Demand for dance classes from children with learning and physical disabilities soared in the months following the Paralympics, according to figures released the Royal Academy of Dance.
Nearly four hundred students with varying degrees of disability signed up for Step into Dance, the largest sustainable community dance programme in the UK. Operating in over 200 schools throughout London and Essex, Step into Dance provides free, quality dance teaching to students of all abilities aged 11-18 years old.
Over six thousand students are taking part in the 2012-2013 programme, of which 1,137 are students with special needs, representing an increase in demand of over a third.
Sue Goodman, Artistic Director of Step into Dance commented,“Prior to last summer, many disabled students would not have considered taking part in dance lessons. However, the Paralympics has motivated them to see beyond their physical restrictions, and to be inspired by the possibilities that dance can offer.”
According to Sue Goodman, the Paralympics had a dramatic impact on students and was the catalyst for positive change: “The Paralympics gave young people role models and a chance to see what is possible. Students can only aspire to greatness if they see it in front of them.”
Disabilities need not restrict a child’s participation in dance, as the skills learnt are many and varied: “Dance helps children to express themselves, gain leadership skills, build confidence, communicate better and interact with others in a non-verbal way. Young people with learning or physical disabilities will gain these skills in exactly the same way as their more able-bodied counterparts.”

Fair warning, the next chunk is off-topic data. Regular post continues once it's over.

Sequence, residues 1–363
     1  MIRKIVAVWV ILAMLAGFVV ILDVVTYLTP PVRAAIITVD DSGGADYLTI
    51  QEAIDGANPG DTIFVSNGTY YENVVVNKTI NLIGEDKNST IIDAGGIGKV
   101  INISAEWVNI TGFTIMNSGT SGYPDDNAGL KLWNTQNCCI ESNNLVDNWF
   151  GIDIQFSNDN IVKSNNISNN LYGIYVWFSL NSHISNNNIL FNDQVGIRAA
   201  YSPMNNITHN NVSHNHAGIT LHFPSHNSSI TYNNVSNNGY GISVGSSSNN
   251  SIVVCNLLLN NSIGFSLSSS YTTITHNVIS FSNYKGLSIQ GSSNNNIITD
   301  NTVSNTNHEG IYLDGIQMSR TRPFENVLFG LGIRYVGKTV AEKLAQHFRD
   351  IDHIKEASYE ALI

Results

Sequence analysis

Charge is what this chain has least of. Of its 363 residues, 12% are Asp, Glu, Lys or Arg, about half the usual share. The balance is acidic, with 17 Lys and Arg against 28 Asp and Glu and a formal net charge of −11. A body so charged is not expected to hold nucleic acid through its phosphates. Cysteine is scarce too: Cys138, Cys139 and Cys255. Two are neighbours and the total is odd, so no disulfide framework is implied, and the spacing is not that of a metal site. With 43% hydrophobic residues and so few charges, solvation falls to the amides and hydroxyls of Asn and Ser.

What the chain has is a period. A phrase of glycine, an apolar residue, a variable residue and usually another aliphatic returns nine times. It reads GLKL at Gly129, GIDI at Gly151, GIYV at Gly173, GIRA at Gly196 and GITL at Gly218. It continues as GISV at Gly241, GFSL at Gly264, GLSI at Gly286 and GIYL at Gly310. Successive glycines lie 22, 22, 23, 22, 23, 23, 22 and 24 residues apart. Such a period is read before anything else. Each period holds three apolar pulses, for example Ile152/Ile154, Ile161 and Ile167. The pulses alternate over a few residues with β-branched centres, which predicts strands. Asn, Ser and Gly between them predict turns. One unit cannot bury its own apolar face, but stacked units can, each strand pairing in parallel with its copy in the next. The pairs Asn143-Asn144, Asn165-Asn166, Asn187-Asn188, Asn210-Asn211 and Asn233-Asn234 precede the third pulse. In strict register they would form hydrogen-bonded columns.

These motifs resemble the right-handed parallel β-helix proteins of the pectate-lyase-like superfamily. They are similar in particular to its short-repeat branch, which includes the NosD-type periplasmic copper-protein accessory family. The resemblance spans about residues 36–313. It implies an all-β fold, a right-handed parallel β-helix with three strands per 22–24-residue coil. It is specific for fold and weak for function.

The Vale School, Haringey, which caters for children with special needs, has been on the Step into Dance programme for four years. Twelve-year-old student and new dancer Jhonattan Goncalves, who has Cerebral Palsy and Left Hemiplegia, said of the Paralympics, “I now see that there are other people in the world like me [with disabilities who can dance].” When asked why he enjoys dancing with the Step into Dance program Jhonattan said, “I like to dance because it makes me stronger and I can dance without my crutch. It makes me feel excited.”
Head of Expressive Arts at the Vale School, Richard Tharpe, commented: “Providing extra-curricular dance sessions with specially trained teachers – who understand the demands of students with special needs – means that we can offer a highly enjoyable and fun physical activity which boosts the confidence and self-esteem of our students. Without access to activities like dance, the experiences and ultimately the life chances of many of these young people would be limited.”
Between 2011 and 2012, the Step into Dance programme provided 41 SEN (special needs) schools with both dance teaching and performance opportunities. Since the Paralympics, an additional twelve SEN schools have joined the programme.
Step into Dance is a partnership project between The Jack Petchey Foundation and the Royal Academy of Dance. The Jack Petchey Foundation gives grants to programmes and projects that benefit young people with the aim of raising their aspirations and helping them play a full part in society. Find out more about the project at www.stepintodance.org.